So she ends up becoming his mistress. That is not, however, the end of the story; it will end with Fanny at the bedside of her lover, who has been shot in a duel and whom she brings back from the brink of death by telling him that she will never leave him, and that they will marry and have a house and children.
We have no war here, but the pressure of evils from various directions, including that same old human frailty, but the evil is not excused, much less held up as admirable. This too is a sin “below the belt,” but also in the pocketbook and at the posh club where only the right people are admitted.
We no longer talk about such things. We are talking, again, about the complete societal dismissal of any norms regarding sexual behavior between consenting adults, and the refusal to own up to the consequences in human misery, especially to children growing up in chaotic and often fatherless homes, and to the materially and educationally poor, who are surrounded by what is less and less a society than an inhuman amalgam of individual wills pursuing what they desire.
These are not sins of a warm but misdirected heart. They are sins that burn hot and then cold, ever colder. The “hookup” culture is no culture at all. It is far from the merriment of Shakespeare or Chaucer. It is grim and angry.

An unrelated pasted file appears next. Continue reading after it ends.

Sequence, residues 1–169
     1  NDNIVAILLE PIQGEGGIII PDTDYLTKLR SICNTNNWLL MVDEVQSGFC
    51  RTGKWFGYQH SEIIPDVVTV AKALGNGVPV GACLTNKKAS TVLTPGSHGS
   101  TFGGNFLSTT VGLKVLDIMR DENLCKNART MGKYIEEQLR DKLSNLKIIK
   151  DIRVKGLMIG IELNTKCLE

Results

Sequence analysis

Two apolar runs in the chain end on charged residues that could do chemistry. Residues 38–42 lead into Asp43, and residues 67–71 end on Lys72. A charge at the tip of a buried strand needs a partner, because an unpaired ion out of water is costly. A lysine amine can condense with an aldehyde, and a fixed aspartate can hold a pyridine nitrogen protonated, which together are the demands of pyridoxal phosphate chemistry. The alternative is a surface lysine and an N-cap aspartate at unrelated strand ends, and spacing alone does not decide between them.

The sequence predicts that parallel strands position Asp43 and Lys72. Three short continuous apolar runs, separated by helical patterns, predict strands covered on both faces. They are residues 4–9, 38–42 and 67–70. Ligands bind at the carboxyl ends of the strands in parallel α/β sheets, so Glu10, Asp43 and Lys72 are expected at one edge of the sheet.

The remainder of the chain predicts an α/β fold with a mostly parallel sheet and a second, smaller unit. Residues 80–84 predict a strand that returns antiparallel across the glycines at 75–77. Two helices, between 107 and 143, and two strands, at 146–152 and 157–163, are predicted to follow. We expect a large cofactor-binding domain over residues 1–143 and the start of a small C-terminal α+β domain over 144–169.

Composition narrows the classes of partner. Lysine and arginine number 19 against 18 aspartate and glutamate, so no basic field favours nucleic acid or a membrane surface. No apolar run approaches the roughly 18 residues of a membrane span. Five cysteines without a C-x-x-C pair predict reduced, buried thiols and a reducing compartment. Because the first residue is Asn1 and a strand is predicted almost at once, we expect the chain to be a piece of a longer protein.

Why should we be surprised? Sin will always disappoint. A commitment to sin in principle is no longer weakness but a trade, a business, and the people so committed lock themselves up in what becomes a hedonistic intellectual prison, and when they mock those outside the prison, they toss the key away. Perhaps they are conscious of tossing it away. That would then be the definition of mortal sin: to choose a prison you know you can never escape from.
These are sins of an intellect gone bad. They include a certain malice toward others, too. For the consequences are everywhere, in loneliness, childlessness, family disintegration, and blood. To continue upholding the evil principle, then, is to will that those consequences continue; to purchase your pleasure, such as it is, at the expense of a vast and smothering unhappiness; to say that these tens of millions of children will grow up without fathers, because you want your habit, which does not seem to give you much pleasure in any case, and that is that.
And we who have been fighting for those without a voice are told we are obsessed with sins against the Sixth Commandment. Rather against the Eighth, the Fifth, and the First.
You may also enjoy:
+James V. Schall, S.J.’s On the “Enduring of Evil”
Pope Leo XIII’s The true origin of marriage (from Arcanum, 1880)
Anthony Esolen is a lecturer, translator, and writer. Among his books are Out of the Ashes: Rebuilding American Culture, and Nostalgia: Going Home in a Homeless World, and most recently The Hundredfold: Songs for the Lord. He is a professor and writer in residence at Magdalen College of the Liberal Arts, in Warner, New Hampshire. Be sure to visit his new website, Word and Song.